Presentation on theme: "Camera Angles The shot angle is the level from which you look at your subject through the camera."— Presentation transcript:
Camera Angles The shot angle is the level from which you look at your subject through the camera.
This shows a scene from directly overhead, a very unnatural and strange angle. Familiar objects viewed from this angle might seem totally unrecognizable at first (umbrellas in a crowd, dancers' legs). This shot does, however, put the audience in a godlike position, looking down on the action. People can be made to look insignificant, ant-like, part of a wider scheme of things. 1. AERIAL VIEW
Not so extreme as a bird's eye view. The camera is elevated above the action using a crane to give a general overview. High angles make the object photographed seem smaller, and less significant (or scary). The object or character often gets swallowed up by their setting - they become part of a wider picture. 2. HIGH ANGLE
A fairly neutral shot; the camera is positioned as though it is a human actually observing a scene, so that actors' heads are on a level with the focus. This is one of the most commonly used shots because it's the perspective most familiar to us - we usually see things from our own eye-level. This angle also causes the least discomfort because we're used to it. If you're shooting a person or animal, and you want to make it an eye-level shot, make sure you shoot at their eye-level, not yours. 3. EYE LEVEL
4. Low Angle Shots In this shot the camera looks up at the subject, making it seem important, powerful, or perhaps larger than the viewer. The added height of the object may make it inspire fear and insecurity in the viewer, who is psychologically dominated by the figure on the screen. For example, you might be sitting on the ground looking up at someone who is standing.
5. OBLIQUE ANGLE The camera is tilted or slanted creating a feeling of unease or disturbance.The verticals or horizontals are out of line and suggest imbalance, transition and instability (very popular in horror movies). This technique is used to suggest POINT-OF-View shots (ie when the camera becomes the 'eyes' of one particular character, seeing what they see — a hand held camera is often used for this.)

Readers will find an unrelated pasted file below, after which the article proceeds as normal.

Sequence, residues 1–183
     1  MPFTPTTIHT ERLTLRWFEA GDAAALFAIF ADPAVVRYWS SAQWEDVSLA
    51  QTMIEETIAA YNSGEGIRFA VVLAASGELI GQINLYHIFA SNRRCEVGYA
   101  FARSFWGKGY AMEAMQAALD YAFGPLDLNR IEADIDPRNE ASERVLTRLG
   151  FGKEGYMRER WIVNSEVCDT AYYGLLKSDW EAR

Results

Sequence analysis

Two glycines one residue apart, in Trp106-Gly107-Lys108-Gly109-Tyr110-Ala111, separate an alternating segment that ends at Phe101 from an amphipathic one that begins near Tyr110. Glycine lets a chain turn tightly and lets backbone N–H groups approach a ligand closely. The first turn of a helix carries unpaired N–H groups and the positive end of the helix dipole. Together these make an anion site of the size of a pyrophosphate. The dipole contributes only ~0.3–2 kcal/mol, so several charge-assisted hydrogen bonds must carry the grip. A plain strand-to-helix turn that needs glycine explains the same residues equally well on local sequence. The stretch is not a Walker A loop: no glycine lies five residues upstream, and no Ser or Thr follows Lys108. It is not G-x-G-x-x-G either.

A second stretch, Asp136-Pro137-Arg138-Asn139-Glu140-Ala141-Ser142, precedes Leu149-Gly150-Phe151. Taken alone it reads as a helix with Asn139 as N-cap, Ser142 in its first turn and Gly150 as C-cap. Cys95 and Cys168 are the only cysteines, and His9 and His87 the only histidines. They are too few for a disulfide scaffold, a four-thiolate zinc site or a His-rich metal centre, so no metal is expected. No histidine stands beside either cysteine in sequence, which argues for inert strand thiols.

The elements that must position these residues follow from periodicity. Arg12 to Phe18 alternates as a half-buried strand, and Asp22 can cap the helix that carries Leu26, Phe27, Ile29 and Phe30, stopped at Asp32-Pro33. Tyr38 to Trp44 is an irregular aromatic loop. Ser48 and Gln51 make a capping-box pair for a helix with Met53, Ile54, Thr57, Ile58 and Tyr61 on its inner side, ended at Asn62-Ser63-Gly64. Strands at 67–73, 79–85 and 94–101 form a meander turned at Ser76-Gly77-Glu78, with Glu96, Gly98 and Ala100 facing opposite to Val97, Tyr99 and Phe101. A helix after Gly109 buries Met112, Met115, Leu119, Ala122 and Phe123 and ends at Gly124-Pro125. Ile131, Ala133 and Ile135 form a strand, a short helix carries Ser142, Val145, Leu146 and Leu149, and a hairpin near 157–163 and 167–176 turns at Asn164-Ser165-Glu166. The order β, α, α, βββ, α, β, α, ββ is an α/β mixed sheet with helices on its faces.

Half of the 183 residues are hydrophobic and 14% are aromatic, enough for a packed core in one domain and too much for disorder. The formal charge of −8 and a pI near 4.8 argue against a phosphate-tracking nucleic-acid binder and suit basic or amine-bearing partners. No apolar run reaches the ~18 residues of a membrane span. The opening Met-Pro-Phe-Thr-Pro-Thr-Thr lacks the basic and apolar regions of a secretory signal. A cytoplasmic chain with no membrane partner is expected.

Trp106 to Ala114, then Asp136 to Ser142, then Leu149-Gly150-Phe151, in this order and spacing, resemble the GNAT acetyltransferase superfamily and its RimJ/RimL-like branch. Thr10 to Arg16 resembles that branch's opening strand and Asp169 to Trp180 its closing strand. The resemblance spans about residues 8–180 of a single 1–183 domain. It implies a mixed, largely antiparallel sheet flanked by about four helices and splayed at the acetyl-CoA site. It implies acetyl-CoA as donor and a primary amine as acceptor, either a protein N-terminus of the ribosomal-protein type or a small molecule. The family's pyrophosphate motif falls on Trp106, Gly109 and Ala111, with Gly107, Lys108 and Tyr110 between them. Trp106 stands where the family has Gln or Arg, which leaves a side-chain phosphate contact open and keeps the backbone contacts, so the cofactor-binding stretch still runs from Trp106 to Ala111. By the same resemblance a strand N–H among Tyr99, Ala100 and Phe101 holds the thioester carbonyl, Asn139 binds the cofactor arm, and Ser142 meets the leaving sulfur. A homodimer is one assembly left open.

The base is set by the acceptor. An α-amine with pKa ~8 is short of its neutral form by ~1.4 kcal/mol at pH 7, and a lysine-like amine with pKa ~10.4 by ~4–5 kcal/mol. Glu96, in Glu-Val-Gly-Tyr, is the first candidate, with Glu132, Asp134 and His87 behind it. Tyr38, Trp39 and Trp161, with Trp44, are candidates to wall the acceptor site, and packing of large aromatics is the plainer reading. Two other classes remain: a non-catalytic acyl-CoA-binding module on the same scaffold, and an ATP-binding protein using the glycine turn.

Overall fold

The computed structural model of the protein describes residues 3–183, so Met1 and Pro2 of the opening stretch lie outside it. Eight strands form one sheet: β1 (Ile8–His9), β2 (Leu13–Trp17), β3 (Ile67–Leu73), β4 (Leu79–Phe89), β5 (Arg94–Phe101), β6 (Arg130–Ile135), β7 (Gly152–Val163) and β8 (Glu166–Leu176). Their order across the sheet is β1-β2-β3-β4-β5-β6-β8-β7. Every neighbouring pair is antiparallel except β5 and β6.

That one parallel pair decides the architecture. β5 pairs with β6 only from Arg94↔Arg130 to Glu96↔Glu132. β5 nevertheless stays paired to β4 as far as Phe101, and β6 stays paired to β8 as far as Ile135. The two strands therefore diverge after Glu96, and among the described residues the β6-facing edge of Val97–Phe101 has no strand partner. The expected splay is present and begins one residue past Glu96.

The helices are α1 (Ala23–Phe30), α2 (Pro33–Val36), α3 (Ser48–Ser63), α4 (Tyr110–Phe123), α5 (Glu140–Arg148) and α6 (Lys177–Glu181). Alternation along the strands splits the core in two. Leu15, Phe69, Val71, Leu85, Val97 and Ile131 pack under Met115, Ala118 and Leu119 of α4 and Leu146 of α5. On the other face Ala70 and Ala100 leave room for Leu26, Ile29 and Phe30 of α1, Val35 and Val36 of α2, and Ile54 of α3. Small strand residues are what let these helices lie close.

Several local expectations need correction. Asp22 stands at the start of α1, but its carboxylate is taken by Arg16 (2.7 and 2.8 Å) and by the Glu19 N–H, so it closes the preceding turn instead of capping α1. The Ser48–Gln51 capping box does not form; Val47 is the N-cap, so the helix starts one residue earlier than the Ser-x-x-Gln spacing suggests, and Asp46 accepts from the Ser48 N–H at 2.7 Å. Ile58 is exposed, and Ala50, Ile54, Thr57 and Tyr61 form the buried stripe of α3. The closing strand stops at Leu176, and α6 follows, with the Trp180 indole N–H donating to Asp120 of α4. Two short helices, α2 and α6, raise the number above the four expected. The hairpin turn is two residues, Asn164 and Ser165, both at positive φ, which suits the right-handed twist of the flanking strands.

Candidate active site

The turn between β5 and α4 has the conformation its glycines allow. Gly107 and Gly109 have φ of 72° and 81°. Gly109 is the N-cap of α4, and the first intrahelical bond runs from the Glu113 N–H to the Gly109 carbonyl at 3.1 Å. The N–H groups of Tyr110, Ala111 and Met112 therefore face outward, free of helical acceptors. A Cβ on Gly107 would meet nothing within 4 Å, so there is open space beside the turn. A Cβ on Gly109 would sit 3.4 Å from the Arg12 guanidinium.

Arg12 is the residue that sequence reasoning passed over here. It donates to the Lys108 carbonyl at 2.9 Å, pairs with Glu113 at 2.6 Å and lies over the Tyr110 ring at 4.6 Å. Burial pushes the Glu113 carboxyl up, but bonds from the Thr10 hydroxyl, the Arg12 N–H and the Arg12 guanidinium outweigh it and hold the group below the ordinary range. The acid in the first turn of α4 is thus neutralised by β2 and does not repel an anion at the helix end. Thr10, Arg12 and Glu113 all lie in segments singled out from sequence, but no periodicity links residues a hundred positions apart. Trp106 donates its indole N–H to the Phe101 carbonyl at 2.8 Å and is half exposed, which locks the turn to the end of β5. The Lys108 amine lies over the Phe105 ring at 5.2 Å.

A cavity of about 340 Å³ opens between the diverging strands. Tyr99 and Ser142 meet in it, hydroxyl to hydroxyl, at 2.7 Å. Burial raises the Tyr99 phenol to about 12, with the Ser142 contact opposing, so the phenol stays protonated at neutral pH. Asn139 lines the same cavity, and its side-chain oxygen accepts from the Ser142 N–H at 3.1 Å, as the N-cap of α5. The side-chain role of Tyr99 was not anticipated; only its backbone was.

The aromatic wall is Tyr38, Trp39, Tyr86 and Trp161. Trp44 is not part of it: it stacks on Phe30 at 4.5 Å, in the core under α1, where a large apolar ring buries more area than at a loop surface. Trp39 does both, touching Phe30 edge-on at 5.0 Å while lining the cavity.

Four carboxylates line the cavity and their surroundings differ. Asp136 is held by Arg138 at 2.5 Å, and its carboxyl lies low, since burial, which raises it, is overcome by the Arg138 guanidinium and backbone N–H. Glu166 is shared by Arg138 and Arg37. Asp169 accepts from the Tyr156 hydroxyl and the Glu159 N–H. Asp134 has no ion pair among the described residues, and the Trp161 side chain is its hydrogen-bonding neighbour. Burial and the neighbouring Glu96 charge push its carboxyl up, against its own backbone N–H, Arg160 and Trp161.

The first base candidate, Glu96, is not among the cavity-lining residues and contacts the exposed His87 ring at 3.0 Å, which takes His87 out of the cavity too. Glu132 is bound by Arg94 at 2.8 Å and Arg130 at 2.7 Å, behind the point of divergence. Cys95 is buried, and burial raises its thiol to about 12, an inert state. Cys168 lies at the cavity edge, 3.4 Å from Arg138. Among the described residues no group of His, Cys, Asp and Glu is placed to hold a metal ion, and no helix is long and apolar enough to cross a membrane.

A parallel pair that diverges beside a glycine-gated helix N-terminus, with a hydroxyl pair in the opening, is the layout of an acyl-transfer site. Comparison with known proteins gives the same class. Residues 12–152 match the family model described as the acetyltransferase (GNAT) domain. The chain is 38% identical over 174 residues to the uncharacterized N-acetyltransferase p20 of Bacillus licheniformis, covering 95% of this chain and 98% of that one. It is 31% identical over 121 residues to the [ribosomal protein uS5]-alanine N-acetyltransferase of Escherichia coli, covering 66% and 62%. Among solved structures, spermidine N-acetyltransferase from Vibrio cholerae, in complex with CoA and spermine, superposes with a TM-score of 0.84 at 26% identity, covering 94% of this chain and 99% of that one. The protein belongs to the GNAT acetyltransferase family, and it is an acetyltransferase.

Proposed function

180 degree rule If you are using multiple cameras and plan to edit the different shots in a scene into a seamless sequence, an important rule to keep in mind is to place all the cameras on the same side of a line of action. A line of action is a path which your subject is traveling along or an imaginary line between two characters who are interacting. This rule is called "180 degree rule". Look at the following camera placements:
If Camera 2 and Camera 3 are used, the audience stays on one side of the line of action. These shots are called "reverse angle shots".
If Camera 2 and Camera 4 are used, the audience crosses the line of action. It's disorienting and confusing.
Composition Rules: 1. Rule of thirds Rule of thirds divides the frame into thirds both horizontally and vertically. The points where the vertical and horizontal lines cross are aesthetically pleasing spots to place subjects or to have perspective lines converge. It is usually best to avoid placing horizon lines exactly in the middle of a frame, but to place the horizon either above or below center, approximately one-third or two-thirds up the height of the frame.
2. Teeter-totter rule Lighter weight can counterbalance a heavier weight if it is placed farther away from the center of the frame.
3. Avoid frontal angle The frontal angle tends to flatten the three dimensionality of facial features and environments. Angling the shot produces more depth and volumes.
Camera moves Pan. The camera rotates from side to side, so that it aims more to the left or right. The camera does not change the location. Tilt. The camera rotates to aim upward or downward without changing the location. Tilt is sometimes called "pitch". Zoom. The camera's lens is adjusted to increase or decrease the camera's field of view, magnifying a portion of the scene without moving the camera. Dolly. The camera's actual position changes, such as to move alongside a moving subject or to travel closer to a character during a scene. Dolly in moves the camera closer to the subject. Dolly out backs the camera away from the subject. Dolly in and dolly out are sometime called "track".
Dolly vs. Zoom The difference between dolly and zoom is that when you dolly, you are moving the camera in space, while zoom refers to changing the camera's focal length. When you move the camera, the perspective changes. Objects far from the camera change in relative size at a slower rate than objects which are close to the camera. That is what you see through your human eyes as you walk around, your perspective changes. On the other hand, when you zoom (i.e., when you change the focal length of your camera), your camera does not move and perspective does not change.